At the same time, Kibaki's laid-back style of government - partly blamed on injuries he sustained in a car crash on a campaign trail in 2002 - didn't help matters.
His aloofness and his hands-off approach unwittingly gave the impression of a leadership limbo for much of his one-year presidency and fuelled a growing view that he was unsuited for high office.
His critics say he failed spectacularly to end the bitter internal struggle between the main two factions of the Coalition - his National Alliance of Kenya (NAK) and the Liberal Democratic Party (LDP) led by Raila Odinga.
Mr Odinga is seen by many as the coalition's strongman who delivered the opposition's victory in 2002 elections.
His supporters claim he was promised the premiership under a pact signed by coalition partners in the run-up to 2002 elections.
Even more dangerously for Mr Kibaki, say local analysts, was the way he allowed two ministers allied to him - Justice and Constitutional Affairs Minister Kiraitu Murungi and Internal Security Minister Chris Murungaru - to run the government machine and antagonise other coalition partners.
The knives were out in earnest last week when the long-running feud came to a head at the Bomas of Kenya, the venue of the constitutional talks.
The delegates - who included coalition MPs - handed the government its first major defeat, sending a strong warning to cabinet ministers close to Kibaki who want the presidency to retain its enormous powers in the new constitution.
The move served as a wake-call to Mr Kibaki, and on Monday and Tuesday he swiftly summoned leaders of various parties making up the coalition to State House to try and heal the widening rift in his coalition government.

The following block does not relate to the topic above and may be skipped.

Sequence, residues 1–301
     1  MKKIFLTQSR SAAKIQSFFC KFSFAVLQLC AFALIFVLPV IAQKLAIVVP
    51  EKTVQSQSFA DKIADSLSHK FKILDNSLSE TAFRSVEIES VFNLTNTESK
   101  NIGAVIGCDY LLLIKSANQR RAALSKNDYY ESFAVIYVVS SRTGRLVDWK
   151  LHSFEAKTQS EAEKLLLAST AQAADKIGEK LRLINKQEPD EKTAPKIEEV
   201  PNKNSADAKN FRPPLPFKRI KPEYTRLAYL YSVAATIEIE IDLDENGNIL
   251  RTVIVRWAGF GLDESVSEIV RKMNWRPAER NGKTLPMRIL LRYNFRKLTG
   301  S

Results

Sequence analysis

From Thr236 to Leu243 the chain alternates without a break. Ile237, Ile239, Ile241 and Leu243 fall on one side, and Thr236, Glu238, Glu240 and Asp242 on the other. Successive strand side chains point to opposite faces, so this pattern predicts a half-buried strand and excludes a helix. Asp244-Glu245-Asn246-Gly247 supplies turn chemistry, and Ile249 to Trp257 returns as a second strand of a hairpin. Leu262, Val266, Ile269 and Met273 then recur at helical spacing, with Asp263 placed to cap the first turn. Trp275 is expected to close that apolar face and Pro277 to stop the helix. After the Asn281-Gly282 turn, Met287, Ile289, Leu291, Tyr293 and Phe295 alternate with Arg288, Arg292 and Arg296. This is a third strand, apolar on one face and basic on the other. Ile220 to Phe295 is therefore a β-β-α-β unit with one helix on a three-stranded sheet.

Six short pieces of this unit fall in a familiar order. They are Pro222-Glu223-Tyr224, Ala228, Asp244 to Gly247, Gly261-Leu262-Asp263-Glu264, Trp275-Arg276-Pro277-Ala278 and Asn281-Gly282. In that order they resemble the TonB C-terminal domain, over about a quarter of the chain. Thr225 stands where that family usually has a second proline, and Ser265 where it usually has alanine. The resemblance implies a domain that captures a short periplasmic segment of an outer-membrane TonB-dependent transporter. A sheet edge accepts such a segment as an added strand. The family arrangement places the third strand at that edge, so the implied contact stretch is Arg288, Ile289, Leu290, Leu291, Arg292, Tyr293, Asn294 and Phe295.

Analysts says wrangles are undermining the coalition
When in the opposition, Mr Kibaki backed a dilution of presidential powers and creation of a strong prime minister under a new constitution.
He has now said the new law would take effect in June, although the court action and cabinet infighting suggest that the process could be sabotaged entirely.
Analysts say the U-turn after coming to power has reinforced the increasingly widespread perception of Mr Kibaki and his inner circle as a nest of power freaks as bad as those under former president Moi.
They say the consequences of this dispute for Mr Kibaki and the coalition could be serious.
Disillusion is already running deep among the majority of Kenyans who - fed up with rising unemployment, crime and graft - voted successfully for the first time for change and not for their ethnic group in the 2002 polls.
Now the countdown to next month's crucial vote in parliament is on.
Come the appointed hour, the renegade members of the ruling coalition are expected to push for the reformed constitution, with substantial help from the opposition.
Whatever the outcome, Kenya could be plunged into a dangerous political crisis.
One year on, Kenya's new dawn is looking increasingly grey.